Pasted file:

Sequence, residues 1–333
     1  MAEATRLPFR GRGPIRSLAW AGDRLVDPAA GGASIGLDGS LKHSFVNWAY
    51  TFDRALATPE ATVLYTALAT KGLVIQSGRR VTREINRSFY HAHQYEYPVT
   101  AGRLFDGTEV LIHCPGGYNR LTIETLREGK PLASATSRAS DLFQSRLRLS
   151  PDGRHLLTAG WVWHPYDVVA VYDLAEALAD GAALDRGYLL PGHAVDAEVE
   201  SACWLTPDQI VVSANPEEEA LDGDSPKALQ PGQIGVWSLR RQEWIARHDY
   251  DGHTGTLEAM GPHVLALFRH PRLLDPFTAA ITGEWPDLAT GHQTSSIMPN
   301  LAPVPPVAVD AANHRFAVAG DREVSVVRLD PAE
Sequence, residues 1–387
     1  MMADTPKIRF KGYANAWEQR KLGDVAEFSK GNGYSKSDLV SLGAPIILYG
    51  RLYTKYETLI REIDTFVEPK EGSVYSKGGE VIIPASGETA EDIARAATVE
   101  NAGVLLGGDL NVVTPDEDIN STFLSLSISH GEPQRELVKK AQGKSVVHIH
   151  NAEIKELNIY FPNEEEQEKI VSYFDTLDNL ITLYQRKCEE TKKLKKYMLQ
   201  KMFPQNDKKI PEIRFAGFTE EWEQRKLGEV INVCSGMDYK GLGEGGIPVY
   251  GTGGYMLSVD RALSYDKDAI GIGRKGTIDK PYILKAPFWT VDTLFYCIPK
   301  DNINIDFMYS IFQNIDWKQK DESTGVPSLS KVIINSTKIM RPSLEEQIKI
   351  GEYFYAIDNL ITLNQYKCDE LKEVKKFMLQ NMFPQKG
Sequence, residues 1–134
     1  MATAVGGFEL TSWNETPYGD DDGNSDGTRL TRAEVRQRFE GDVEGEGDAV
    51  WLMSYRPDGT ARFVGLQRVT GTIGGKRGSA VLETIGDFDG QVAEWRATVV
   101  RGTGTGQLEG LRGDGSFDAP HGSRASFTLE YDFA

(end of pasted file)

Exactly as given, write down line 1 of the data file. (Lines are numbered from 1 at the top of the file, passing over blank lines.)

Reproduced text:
Sequence, residues 1–333